Lady Jane's Reviews > The New Jim Crow: Mass Incarceration in the Age of Colorblindness

The New Jim Crow by Michelle Alexander
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Mar 19, 11

bookshelves: non-fiction
Read in March, 2011

The content of this book is so disturbing that I had to take a break from reading it for a week or so. I am still trying to absorb and synthesize the information. I will return later to re-read the last chapter. It is a powerful read, well worth the time and emotional energy.
I live in a city where I can bike a few miles, cross a few neighborhoods and see the divides between the rich, middle-class and poor. I live in a city with a stop-and-frisk policy that unfairly targets African-Americans. I live in a city where ex-offenders struggle with re-entry and probation. I live in a city that is a microcosm of America.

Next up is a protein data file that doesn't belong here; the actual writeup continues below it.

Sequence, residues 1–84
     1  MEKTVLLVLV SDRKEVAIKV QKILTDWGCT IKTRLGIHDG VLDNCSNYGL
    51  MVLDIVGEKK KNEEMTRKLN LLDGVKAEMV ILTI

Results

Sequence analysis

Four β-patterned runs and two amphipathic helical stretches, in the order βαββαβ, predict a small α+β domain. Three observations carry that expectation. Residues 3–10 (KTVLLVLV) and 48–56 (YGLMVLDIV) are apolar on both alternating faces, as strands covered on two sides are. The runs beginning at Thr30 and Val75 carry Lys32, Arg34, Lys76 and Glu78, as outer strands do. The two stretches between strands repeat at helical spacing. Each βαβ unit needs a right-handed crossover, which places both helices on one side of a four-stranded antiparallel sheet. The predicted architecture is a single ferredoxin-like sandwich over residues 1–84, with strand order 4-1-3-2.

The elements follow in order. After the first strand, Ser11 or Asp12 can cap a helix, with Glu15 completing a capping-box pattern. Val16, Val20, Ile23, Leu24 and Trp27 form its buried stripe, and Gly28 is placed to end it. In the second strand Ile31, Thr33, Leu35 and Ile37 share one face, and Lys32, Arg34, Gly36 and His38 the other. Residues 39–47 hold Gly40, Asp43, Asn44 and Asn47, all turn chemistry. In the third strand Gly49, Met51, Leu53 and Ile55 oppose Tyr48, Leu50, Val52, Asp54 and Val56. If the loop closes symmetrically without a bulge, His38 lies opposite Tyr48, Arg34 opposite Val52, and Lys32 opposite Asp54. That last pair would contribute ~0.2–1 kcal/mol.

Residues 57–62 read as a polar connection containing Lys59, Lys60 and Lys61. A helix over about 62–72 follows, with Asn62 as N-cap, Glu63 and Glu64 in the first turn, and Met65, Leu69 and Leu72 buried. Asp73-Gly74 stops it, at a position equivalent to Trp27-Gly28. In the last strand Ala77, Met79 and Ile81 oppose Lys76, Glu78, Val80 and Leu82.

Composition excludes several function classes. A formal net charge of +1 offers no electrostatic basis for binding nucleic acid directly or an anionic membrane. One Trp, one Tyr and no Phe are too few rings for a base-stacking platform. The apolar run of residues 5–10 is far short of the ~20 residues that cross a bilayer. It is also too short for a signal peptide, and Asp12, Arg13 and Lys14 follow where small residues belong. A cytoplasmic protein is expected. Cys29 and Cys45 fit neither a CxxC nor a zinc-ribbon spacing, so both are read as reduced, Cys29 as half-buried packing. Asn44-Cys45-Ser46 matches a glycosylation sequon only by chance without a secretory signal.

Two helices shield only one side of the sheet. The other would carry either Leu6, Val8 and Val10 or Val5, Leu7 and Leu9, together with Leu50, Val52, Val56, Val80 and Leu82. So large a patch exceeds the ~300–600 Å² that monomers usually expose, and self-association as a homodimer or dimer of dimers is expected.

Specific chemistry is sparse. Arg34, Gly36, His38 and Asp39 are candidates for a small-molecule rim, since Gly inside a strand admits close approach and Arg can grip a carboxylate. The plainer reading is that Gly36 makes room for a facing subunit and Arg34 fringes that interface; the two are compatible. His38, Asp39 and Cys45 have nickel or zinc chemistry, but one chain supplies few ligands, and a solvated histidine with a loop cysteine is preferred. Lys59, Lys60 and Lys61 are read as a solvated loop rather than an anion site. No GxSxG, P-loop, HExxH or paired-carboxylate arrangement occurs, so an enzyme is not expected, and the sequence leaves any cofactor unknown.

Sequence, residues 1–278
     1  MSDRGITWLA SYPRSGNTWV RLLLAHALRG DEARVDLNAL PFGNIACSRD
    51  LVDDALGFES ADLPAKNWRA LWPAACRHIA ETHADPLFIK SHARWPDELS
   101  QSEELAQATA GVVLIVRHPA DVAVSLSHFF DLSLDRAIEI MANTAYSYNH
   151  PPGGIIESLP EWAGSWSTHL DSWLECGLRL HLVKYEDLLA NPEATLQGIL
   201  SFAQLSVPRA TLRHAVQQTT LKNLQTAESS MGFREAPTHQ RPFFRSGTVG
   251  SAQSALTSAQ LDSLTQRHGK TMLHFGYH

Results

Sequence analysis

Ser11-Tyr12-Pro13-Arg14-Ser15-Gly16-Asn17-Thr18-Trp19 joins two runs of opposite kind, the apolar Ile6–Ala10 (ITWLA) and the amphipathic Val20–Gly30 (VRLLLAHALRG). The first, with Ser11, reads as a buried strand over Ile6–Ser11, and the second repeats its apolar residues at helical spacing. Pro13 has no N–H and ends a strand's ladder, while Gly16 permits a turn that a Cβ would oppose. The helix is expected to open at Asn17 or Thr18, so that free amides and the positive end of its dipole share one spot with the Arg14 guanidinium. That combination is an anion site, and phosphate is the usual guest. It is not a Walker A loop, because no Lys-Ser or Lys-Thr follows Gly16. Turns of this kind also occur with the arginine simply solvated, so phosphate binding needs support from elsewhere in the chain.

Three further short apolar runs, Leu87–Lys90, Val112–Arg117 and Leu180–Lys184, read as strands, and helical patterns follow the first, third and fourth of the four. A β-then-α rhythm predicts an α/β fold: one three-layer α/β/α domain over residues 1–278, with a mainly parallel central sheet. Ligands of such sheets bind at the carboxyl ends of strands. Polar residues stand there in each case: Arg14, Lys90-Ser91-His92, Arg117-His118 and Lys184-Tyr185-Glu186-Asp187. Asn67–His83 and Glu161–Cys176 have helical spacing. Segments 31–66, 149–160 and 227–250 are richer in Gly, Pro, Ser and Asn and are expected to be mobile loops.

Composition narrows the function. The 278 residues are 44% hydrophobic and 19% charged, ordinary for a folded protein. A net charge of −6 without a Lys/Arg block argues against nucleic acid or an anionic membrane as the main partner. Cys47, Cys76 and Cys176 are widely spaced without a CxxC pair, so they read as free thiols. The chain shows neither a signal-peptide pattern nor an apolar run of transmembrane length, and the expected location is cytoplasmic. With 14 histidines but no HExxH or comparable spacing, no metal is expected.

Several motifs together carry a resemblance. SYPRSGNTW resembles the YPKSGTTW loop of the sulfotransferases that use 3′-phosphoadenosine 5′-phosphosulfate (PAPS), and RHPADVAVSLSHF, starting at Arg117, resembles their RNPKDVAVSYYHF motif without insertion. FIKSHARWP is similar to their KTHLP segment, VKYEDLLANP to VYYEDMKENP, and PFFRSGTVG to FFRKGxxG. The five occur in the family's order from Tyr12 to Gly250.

I want to live in a country that embraces all of its citizens, accepts people for who they are and helps people who need support. I want to live in a society that does not judge, condemn and blame, but supports, educates and encourages. I want the color of my skin to matter in a positive way: I am who I am because of my ancestry, my upbringing, my education and my life experiences. This is true for all Americans and we should be able to proudly display our differences.
I do not want to live in the highly-disturbing world described in this book because it is so far from the ideals of America as a nation of possibility. I know, however, that I do live in the America of this book and that I can not change it alone. I need help from my country.


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Comments (showing 1-2 of 2) (2 new)

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message 1: by Dan (new) - rated it 5 stars

Dan Sirotkin You should definitely finish the book, there's so much startling data!!


message 2: by Diana (new) - added it

Diana Lowe I feel the same way. I had to put the book down for a while because it is so depressing/disturbing, and I feel so helpless to do anything about it.


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